Finally, please note, this is a gathering place of the highest caliber. It is with respect and kindness that we interact with one another. Like a family gathering at Thanksgiving, we speak openly and with honesty. Sometimes we disagree but it is through these disagreements that growth occurs. We kid one another, we debate, we share intimacies. We confide sorrows and accomplishments; we offer humor and consolation where needed; we support each others ideas and dreams; and we do it all with the goal of speaking and living Truth.

This is the essence of "family". This is what we are here, FAMILY. For a measly 12 $ a month (10 if you subscribe annually) you gain access to a group of the finest, most upstanding, folks around. You cannot go wrong giving us a try.

Remember, "price" is what you pay, "value" is what you receive. Here, at TFMR, you will find the greatest value anywhere on the web...imho.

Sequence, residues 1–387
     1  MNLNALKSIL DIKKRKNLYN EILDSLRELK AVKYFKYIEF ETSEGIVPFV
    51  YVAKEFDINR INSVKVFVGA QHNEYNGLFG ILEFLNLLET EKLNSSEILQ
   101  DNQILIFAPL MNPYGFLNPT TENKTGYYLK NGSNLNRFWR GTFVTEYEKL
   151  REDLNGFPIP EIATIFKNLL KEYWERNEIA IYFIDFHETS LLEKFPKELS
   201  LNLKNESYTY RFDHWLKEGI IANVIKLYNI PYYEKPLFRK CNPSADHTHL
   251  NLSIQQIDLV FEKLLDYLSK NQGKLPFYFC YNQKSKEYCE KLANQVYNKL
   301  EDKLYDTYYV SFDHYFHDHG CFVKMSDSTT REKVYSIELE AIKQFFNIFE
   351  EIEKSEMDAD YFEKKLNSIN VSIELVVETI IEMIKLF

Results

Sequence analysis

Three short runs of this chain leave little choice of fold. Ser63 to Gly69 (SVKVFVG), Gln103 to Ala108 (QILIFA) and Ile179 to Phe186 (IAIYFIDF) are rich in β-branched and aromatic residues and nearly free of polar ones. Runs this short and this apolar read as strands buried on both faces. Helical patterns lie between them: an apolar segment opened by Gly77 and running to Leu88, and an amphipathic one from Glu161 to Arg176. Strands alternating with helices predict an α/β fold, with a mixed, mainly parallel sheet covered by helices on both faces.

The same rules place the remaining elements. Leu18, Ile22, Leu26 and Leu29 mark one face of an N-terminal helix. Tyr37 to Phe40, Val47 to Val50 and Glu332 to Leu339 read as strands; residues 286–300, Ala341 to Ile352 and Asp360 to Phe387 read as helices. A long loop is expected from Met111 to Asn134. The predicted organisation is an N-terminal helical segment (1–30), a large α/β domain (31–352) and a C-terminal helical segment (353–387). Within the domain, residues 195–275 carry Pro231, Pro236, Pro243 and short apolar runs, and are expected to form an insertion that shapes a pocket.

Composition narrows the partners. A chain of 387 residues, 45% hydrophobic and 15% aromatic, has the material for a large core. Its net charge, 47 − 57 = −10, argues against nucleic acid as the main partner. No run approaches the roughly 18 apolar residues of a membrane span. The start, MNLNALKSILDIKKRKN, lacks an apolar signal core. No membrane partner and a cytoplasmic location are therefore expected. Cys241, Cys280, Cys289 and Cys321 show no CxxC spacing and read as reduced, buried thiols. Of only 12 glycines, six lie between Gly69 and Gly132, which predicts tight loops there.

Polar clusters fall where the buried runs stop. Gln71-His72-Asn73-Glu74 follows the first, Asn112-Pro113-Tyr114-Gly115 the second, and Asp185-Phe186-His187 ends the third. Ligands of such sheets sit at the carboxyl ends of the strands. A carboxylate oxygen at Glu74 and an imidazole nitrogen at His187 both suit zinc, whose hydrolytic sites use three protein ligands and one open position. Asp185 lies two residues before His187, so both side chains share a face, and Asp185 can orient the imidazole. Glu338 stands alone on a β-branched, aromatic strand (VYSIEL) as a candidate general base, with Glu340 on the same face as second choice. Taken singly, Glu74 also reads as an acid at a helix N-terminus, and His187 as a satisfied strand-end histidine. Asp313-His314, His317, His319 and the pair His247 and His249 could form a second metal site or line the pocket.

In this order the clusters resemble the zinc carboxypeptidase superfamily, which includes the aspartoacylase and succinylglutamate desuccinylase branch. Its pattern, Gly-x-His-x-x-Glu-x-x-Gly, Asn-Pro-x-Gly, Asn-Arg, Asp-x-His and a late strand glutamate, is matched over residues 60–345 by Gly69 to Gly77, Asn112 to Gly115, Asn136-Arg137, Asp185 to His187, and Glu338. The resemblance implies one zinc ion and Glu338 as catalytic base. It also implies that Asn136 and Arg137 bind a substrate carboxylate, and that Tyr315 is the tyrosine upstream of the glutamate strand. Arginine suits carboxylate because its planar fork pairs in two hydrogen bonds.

Hope to see you around the pages.

Orange
May 16, 2020 - 11:17am
AgstAgerDeaconBenjamin
May 16, 2020 - 11:00am

DeaconBenjamin,

The notion of direct debt monetization is that a nation that owes debts in its own fiat can simply print the fiat to pay the debt. The involvement of the FED in monetization makes the process only slightly less direct and creates, for a while, a plausible deniability that the debt is being monetized at all. The notion there is that a central bank, working in cahoots with the sovereign, can create fiat to purchase the sovereign debt. So long as the government ultimately pays it back, the debt isn't monetized. Hence, the plausible deniability. But if, as clearly will happen here, the FED balance sheet never shrinks and only grows as the sovereign borrows more new printed money to 'pay off' the old debt, the debt is monetized. In either process, the powers that be have created fiat out of nothing to fund government borrowing which will never be repaid.

Gasivs ButtoxJughead
May 16, 2020 - 10:55am

Confiscation by taxation